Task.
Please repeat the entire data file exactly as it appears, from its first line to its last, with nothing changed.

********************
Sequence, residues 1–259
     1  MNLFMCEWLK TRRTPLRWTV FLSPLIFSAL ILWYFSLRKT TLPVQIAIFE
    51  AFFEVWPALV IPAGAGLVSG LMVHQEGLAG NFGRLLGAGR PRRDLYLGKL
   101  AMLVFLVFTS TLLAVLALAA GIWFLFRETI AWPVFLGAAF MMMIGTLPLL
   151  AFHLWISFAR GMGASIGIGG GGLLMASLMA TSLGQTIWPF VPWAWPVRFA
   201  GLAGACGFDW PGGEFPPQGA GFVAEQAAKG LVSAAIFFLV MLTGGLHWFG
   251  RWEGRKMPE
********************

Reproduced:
Sequence, residues 1–259
     1  MNLFMCEWLK TRRTPLRWTV FLSPLIFSAL ILWYFSLRKT TLPVQIAIFE
    51  AFFEVWPALV IPAGAGLVSG LMVHQEGLAG NFGRLLGAGR PRRDLYLGKL
   101  AMLVFLVFTS TLLAVLALAA GIWFLFRETI AWPVFLGAAF MMMIGTLPLL
   151  AFHLWISFAR GMGASIGIGG GGLLMASLMA TSLGQTIWPF VPWAWPVRFA
   201  GLAGACGFDW PGGEFPPQGA GFVAEQAAKG LVSAAIFFLV MLTGGLHWFG
   251  RWEGRKMPE